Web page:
I'd also suggest opening a running tab at a local pub if you're learning AIX. You'll need it.
The biggest problem with learning AIX is that a lot of the cool and unique features involve things like PowerVM and enterprise hardware, which you really can't have in a hobbyist setup without some legal grey area activities or spending truly ludicrous amounts of money. If it's at all possible I would try and see what you can wrangle at work. Maybe you have an older server going off lease that you could convince someone to buy out for cheap to use as your sandbox, and make a business case for using it for training, testing, etc.
I assume you've already considered the $$$ for power, the noise, wife/roommate/whatever acceptance factor..
This is a good writeup of someone building a home lab setup on Power. For what you want you'll need a Power server that can run multiple LPARs and an HMC. The 520 is probably a good bet, that supports (more or less) most of the common virtualization features you'd use on a more modern box. Check what version of Power VM it's licensed for and make sure it supports what you want to do! Also note how many disk controllers it has (split backplane=disks in the front bays are divided up among 2 SAS controllers). If there is only 1, you will have to boot everything off of vSCSI disks presented by your VIOS.
For the HMC, note that the HMC software is designed to only run on Official HMC hardware and the latest code versions don't support the older models. You don't really need a bleeding edge set of HMC code though, V6 is probably more then adequate. I'll have to check my documentation when I'm at work tomorrow but I think a 7042-CR5 can run even the latest HMC code. You can also theoretically install HMC software into VMware or another hypervisor but that requires a bit of hacking and is probably quite against the EULA.
I'll second TB0ne on SMIT as a valuable learning tool, you can very easily run some complex serials of commands and just hit F6 to see what each of them does, or check /smit.script at the end. A very surprising number of AIX system commands are actually Korn shell scripts so you can learn quite a bit about how things work.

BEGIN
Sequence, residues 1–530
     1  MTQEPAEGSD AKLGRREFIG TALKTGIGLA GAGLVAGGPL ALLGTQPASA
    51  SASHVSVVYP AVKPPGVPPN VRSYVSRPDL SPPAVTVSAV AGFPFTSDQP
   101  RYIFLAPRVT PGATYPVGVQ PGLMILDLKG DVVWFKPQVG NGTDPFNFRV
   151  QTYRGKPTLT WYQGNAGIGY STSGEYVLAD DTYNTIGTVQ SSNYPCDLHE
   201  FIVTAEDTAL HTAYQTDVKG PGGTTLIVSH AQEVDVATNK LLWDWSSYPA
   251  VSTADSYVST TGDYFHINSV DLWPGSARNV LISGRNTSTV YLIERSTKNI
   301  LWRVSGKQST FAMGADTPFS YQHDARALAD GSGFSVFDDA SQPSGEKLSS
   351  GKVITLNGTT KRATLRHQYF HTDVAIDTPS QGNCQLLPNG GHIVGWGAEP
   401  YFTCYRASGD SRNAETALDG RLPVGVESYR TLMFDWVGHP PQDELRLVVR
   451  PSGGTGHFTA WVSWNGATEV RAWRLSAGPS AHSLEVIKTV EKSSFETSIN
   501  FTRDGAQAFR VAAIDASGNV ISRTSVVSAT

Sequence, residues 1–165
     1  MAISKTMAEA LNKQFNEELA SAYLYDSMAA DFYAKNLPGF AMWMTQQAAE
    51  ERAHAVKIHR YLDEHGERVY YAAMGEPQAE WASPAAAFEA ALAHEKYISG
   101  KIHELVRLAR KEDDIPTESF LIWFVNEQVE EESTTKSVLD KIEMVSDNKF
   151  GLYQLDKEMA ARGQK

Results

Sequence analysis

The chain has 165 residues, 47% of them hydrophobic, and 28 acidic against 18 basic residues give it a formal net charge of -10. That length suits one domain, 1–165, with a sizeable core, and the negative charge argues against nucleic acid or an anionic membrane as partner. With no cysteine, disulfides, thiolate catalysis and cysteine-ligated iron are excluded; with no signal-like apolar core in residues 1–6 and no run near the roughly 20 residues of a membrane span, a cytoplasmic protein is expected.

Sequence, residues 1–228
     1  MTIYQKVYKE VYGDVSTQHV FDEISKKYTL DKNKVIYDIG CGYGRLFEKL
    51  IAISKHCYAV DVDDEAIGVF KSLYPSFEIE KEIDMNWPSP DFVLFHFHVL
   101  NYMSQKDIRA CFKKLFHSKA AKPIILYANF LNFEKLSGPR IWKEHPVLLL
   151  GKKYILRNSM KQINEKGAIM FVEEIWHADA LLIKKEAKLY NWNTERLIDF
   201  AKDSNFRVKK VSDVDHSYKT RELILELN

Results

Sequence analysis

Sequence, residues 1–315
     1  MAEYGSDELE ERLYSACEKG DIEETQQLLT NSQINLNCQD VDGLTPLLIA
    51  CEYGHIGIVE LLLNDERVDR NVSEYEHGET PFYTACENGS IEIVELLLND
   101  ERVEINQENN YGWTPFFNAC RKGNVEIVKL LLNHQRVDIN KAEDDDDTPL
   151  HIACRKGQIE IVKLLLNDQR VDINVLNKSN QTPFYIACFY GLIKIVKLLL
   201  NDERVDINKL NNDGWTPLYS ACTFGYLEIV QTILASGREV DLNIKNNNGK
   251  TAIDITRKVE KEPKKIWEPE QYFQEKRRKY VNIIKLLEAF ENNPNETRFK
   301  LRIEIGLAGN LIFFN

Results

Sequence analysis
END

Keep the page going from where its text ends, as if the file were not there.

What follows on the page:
Thanks for the responses! It really is the enterprise level aspects that I will need to learn. With Linux on VMware I was able to do the entire VM creation / storage provisioning process rather easily, and am hoping to get to that level again here. I've been doing the actual OS-level "keep the lights running" administering for a few years now and SMITTY's command transparency really is a godsend. So far it's the closest thing I've found resembling a "killer app" on AIX.
Today I was able to successfully negotiate the retention of an already purchased EOL'd server for sandbox/training purposes. It could disappear "at any moment" in the next few months since the server room it is in is slated to become office space, so I may end up needing to purchase some hardware and follow that guide at home at some point, but hopefully not anytime soon.
It is possible to get HMC running on VMWare. I've done it myself before, there are write ups on ways to do it. IBM has a Version of 220.127.116.11 running on VMWare natively.
A lot of companies have to basically donate older Power 5 and 6 hardware. You could try to find a company willing to part wit old hardware. Try Banks and Credit Unions. Don't suppose you're in Michigan, I might be able to help you out getting an old Power 6.